Asia’s many countries, all seemingly made up of ancient temples,
modern landscapes, adventure activities and ultra-cheap shopping,
may be hard to distinguish for the first-time Asia traveler. Upon
closer inspection though, each culture is fascinating and
For visitors seeking a better understanding of the differences
between three of northeast Asia’s most popular destinations,
Pacific Delight Tours offers an 18-day Japan & China
The itinerary starts with three days in southern Japan’s historic
Kyoto. And while Japan is well assimilated into American pop
culture who doesn’t know Pokemon, Sony or Nokia in person the
country is both fresh and enchanting.
Home of the geisha and Japan’s popular sake industry, Kyoto is as
elegant as it is exciting. It is a cultural paradise with rows of
shopping annexes full of origami, as well as clothing and
electronics. A half-day city tour is included, and the remaining
free time is barely enough to get to know the city, even with
A short 2½-hour bullet train ride takes visitors to the humming,
neon- metropolis of Tokyo. Visitors must map this part of their
itinerary carefully, in order to maximize their sightseeing
opportunities. Central Tokyo’s most popular attractions, like the
Ginza or Shinjuku’s “skyscraper district” or the Tsukiji Fish
Market, offer just one perspective of the city.
Time permitting, the city’s outskirts are equally exciting. The
Saitama prefecture, for example, once a sleepy community, has
rapidly become an emerging name in the world of international
sports first as a World Cup host city in 2002 and more recently as
the host of the 2006 FIBA World (Basketball) Championship,
attracting the likes of Kobe Bryant and Elton Brand. Just one of
the many hidden attractions in this area is the two-story John
Lennon museum, an unexpected and poignant experience.
After Tokyo, the tour departs for China, where visitors enjoy a
fully escorted program, including all of the attractions that make
the country a growing player in the international tourism arena.
From the Great Wall of China, to the Ming Tombs, to Xian’s famous
Terra-Cotta Warriors, visitors get a personalized look into this
exotic culture. The country’s landscape is vast and its history
spans nearly 5,000 years, but the guides will try to teach
travelers all of it before they leave.
The Yangtze River is not included, but tourists will enjoy a lazy
day sailing along the Guilin section of the Li River. Not so well
known to Americans, Guilin is internationally known for its
stunning landscapes, which are the subject of many of China’s
popular “misty mountain” watercolor paintings.
Hong Kong, on the other hand, was built by adventurers. From
expatriate Chinese seeking a new life to sailors making a port of
call, Hong Kong has always called to the fortune-seeker. The tour
program includes three nights unescorted travel in Hong Kong, a
city that never fails to please.
Here, clients get exactly what they expect luxurious
accommodations, a shimmering skyline, cosmopolitan dining and
countless shopping and cultural opportunities. It’s a sparkling
diamond in Asia’s tourism crown.
Starting at $3,728 per person, guaranteed departures are available
monthly through March 2007 from San Francisco, Los Angeles, Seattle
and Honolulu on United or Northwest Airlines.
|JAPAN BETS BIG ON CHAMPIONSHIP SPORTING EVENTS|
In Asia, it is not just the Chinese that are planning to benefit
from increased visitor traffic at the 2008 Beijing Olympics. The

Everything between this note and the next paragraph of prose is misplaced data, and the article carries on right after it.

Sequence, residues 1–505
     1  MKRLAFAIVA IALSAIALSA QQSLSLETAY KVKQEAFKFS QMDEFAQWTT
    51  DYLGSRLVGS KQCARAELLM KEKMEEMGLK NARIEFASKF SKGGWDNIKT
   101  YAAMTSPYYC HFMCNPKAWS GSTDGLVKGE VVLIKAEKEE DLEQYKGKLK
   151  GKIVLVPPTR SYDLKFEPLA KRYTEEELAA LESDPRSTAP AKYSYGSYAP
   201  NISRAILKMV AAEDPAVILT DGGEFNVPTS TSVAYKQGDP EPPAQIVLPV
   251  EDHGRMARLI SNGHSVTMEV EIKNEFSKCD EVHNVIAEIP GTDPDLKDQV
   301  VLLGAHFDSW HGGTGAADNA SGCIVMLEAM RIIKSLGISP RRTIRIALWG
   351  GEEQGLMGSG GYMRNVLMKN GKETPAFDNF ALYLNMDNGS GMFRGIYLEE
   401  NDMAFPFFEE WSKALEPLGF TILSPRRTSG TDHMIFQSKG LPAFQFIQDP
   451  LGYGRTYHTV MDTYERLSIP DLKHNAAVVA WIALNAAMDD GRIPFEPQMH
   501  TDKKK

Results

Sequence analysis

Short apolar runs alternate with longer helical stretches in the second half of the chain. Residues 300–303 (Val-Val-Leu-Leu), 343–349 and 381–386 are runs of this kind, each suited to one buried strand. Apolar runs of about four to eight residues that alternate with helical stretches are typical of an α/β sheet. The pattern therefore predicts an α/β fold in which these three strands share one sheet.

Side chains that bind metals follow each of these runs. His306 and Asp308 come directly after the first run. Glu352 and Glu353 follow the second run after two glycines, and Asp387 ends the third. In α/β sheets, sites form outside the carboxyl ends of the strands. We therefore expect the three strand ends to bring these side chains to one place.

Japanese, too, are paying attention to potential traffic generated
by this international event. Recognizing that American travelers to
Asia typically visit more than one destination, the Japan National
Tourist Organization has started promoting itself as a natural
addition to any multiple-destination Olympics itinerary.
The Los Angeles-based offices of JNTO, Hong Kong Tourism Board
and China National Tourist Office have joined forces and are
working closely with such major wholesalers as Pacific Delight
Tours, Pleasant Holidays and Ritz Tours in the creation and
promotion of several new three-country tour packages. The packages
were promoted in an ad campaign that ran earlier this year in major
consumer publications including the Los Angeles Times and Los
The JNTO first started promoting itself as an add-on to China
last year, when they invited several major tour wholesalers
specializing in China programs to join a familiarization program in
Japan. As a direct result of that fam trip, China Travel Service
and Grand American Travel have added Japan programs to their
popular China itineraries.
No stranger to the Olympic scene, Nagano served as host of the
1998 winter Olympics and Tokyo welcomed the 1964 Olympics, Japan is
earning quite the reputation as a home for international-scale
championship sporting events. Championship motorcycle racing also
has a home in Japan. Tokyo will serve as the 15th stop in the
international MotoGP World Championship this month.
The Tokyo Marathon will transform the city’s landscape in
February. This is the first-ever Tokyo Marathon open to
non-Japanese runners, and it is expected to draw more than 30,000
participants from around the world. In March 2007, Tokyo joins the
ranks of such cities as Calgary, Moscow and Washington, D.C., when
it hosts the World Figure Skating Championships. The world’s
brightest figure skaters will compete for the title of World
Champion in four categories.
As Japan continues to attract world-class events, international
five-star hotel chains are also starting to take interest in the
country’s increased visitor numbers. In 2005, Japan welcomed three
new five-star properties, Conrad Tokyo, Mandarin Oriental Tokyo and
Hyatt Regency Kyoto. In 2007, two more five-star brands, Peninsula
and Ritz-Carlton, will open properties in Tokyo.